ABOARD USS CARL VINSON, South China Sea — America will continue to patrol the South China Sea to ensure freedom of navigation and overflight in the disputed region, a US admiral said yesterday amid questions on whether US involvement in one of Asia’s potential flashpoints will change.
“We will be here,” Rear Adm. James Kilby said on board the aircraft carrier USS Carl Vinson as it steamed through the gentle blue waters, with F-18 fighter jets landing, taking off on catapults and zooming over the mammoth warship.
“We have operated here in the past, we’re going to operate here in the future, we’re going to continue to reassure our allies,” Kilby said. “We will continue to demonstrate that international waters are waters where everyone can sail, where everyone can conduct commerce and merchant traffic, and that’s the message we want to leave with people.”
A commercial ship gingerly cruised several kilometers away as the Carl Vinson’s kilometer-long flight deck, where crewmembers checked several parked F-18s, a surveillance aircraft and helicopters, throbbed with activity under a mild breeze.
Kilby’s comments followed reported Chinese moves to install missile defense systems on islands it recently built, and the inauguration of a new US president who has raised questions about America’s role in Asia.
The US military took a group of journalists to the aircraft carrier during a routine patrol of the South China Sea, one of the world’s security hotspots, in a mission that US Navy officials said has continued for decades.
A US administration official has said the Carl Vinson strike group’s deployment in the South China Sea, a month after President Donald Trump took office, signaled US intent to have a more active naval presence in the region.
Accompanied by a guided-missile destroyer and aircraft, the Carl Vinson began “routine operations” in the South China Sea on Feb. 18. It last deployed to the Western Pacific in 2015 when it conducted an exercise with the Malaysian navy and air force, according to the Pentagon.
The official declined to comment on whether the aircraft carrier group would undertake a freedom of navigation operation, a right that American officials have asserted in the past. The official requested anonymity as he was not authorized to speak to journalists on the administration’s policy.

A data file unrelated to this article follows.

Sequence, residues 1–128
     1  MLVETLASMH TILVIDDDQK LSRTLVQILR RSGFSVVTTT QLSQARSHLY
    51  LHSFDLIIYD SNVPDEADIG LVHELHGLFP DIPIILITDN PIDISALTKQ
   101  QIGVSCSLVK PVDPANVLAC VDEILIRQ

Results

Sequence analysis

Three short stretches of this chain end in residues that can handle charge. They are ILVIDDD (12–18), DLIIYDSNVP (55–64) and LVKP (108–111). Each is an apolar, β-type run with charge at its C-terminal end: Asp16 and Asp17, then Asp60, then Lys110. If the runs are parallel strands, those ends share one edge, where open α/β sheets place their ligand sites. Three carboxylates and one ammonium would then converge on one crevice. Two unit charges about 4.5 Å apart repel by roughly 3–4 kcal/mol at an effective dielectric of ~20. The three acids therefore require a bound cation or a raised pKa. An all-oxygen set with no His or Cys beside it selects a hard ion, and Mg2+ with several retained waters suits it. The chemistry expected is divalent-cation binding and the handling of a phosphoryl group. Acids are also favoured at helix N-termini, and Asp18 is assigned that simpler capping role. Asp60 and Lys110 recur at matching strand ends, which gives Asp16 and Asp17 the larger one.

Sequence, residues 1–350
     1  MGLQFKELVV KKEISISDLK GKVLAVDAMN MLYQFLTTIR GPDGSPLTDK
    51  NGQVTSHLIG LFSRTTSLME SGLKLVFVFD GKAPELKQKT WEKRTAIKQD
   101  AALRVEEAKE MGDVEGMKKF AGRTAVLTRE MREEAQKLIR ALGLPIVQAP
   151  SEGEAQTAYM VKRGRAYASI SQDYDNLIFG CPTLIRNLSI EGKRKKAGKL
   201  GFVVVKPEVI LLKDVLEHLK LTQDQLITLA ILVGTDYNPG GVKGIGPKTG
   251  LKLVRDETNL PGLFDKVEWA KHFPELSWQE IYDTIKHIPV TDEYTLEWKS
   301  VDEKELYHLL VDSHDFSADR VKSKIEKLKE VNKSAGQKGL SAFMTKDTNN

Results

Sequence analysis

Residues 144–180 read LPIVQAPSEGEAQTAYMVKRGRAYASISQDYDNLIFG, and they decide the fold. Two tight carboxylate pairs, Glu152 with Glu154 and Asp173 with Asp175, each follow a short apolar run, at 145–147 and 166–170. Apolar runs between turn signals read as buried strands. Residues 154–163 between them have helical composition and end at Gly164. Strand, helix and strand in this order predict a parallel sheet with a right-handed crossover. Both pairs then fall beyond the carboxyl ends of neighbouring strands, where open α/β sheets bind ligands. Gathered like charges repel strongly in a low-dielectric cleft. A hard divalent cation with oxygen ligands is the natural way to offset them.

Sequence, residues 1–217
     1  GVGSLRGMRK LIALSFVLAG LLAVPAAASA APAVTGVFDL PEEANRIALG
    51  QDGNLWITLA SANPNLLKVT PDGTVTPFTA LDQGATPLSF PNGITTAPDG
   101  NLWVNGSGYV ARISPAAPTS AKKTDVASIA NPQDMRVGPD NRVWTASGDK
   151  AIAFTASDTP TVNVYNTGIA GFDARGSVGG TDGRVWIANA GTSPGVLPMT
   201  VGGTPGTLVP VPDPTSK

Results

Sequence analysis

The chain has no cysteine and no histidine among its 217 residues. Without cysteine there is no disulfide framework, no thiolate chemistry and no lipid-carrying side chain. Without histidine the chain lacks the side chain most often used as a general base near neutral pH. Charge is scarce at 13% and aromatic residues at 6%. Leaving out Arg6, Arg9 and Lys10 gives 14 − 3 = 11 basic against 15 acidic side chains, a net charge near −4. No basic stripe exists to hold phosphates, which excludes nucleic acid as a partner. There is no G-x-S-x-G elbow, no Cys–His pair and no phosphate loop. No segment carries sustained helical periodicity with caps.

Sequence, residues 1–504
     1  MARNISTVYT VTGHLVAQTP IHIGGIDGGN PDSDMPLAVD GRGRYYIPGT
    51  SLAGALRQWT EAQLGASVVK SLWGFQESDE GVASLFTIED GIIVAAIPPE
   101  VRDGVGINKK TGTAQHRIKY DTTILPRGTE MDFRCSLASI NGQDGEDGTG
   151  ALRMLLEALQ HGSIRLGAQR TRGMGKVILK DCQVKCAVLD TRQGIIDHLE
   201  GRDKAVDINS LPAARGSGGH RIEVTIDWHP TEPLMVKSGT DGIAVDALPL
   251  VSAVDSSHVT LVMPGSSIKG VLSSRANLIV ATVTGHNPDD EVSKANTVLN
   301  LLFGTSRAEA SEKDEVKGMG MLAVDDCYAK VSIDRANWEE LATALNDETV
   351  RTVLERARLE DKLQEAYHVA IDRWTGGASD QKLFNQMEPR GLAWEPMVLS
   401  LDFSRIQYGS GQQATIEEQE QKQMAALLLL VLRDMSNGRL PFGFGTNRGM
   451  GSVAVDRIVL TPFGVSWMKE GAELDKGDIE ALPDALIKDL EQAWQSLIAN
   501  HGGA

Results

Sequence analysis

President Duterte should assert the country’s rights in the South China Sea as stipulated in the July 2016 decision of the UN Permanent Court of Arbitration in The Hague, experts on Southeast Asia said on Thursday.
“I think if President Duterte is reading the polls, he would think carefully about the July 12 decision because if you look at what Filipino people think they are very strong in the arbitration case in South China Sea,” said Ernest Bower, senior adviser for the Southeast Asia Program Center for Strategic and International Studies.
Bower was referring to a December 2016 survey of Pulse Asia showing 84 percent of Filipinos who agreed the Duterte government should uphold the Philippines’ rights in the disputed region.
“Over 82 percent of Filipinos would like to see the arbitration case followed up and followed through on. I think that the President is also up in the 80s so if he wants to stay there… he should follow through with that case,” Bower said.
“He (Duterte) seems to be a very good reader of national opinion and if I were him, I would heed my people on this question,” he said.
Bower lauded the Philippines for showing courage in filing the case before the UN tribunal.
“I think the Philippines showed a lot of courage. It had nothing to do with Philippine domestic politics, it had to do with the Philippines sovereignty and the rest of Asia and I think the world admired the Philippines’ courage and leadership to take that case and get the decision and I believe PRRD (Duterte) would be wise to follow through on it,” he said.
Bower said the Philippines took the arbitral case to The Hague because it wanted a decision based on rule of law.
Bower and Murray Hiebert, also a senior adviser and deputy director Southeast Asia Program Center for Strategic International Studies, said the Philippines and other claimant-countries in Southeast Asia should lower their expectations on forging a legally binding Code of Conduct in the South China Sea.
“Big question is if it is at all possible to do it? They’ve been working on it for years. If really China is dragging its feet and I think, in many ways, ASEAN would be better off leaving it to try and focus on some other things,” Hiebert said.
“We took a long time to negotiate the declaration of conduct and then it took 10 years to put in some non-binding principles. So I’m not sure that’s the most effective way to negotiate to get what ASEAN wants out of China,” he said.
A new Chinese cruise ship has embarked on its maiden voyage to the disputed Paracel Islands in the South China Sea, state news agency Xinhua said yesterday, the latest effort by Beijing to bolster its claims in the strategic waterway.
The Changle Princess sailed from Sanya on the southern Chinese island province of Hainan on Thursday afternoon with 308 passengers on a four-day voyage, Xinhua said.
The new ship can carry 499 people and has 82 guest rooms with dining, entertainment, shopping, medical and postal services on board, it added.
Tourists will be able to visit the three islands in the Crescent group of the Paracels, Xinhua said.
China has previously said it plans to build hotels, villas and shops on the Crescent group and has also said it wants to build Maldives-style resorts around the South China Sea, though it is unclear if foreigners will ever be allowed to visit.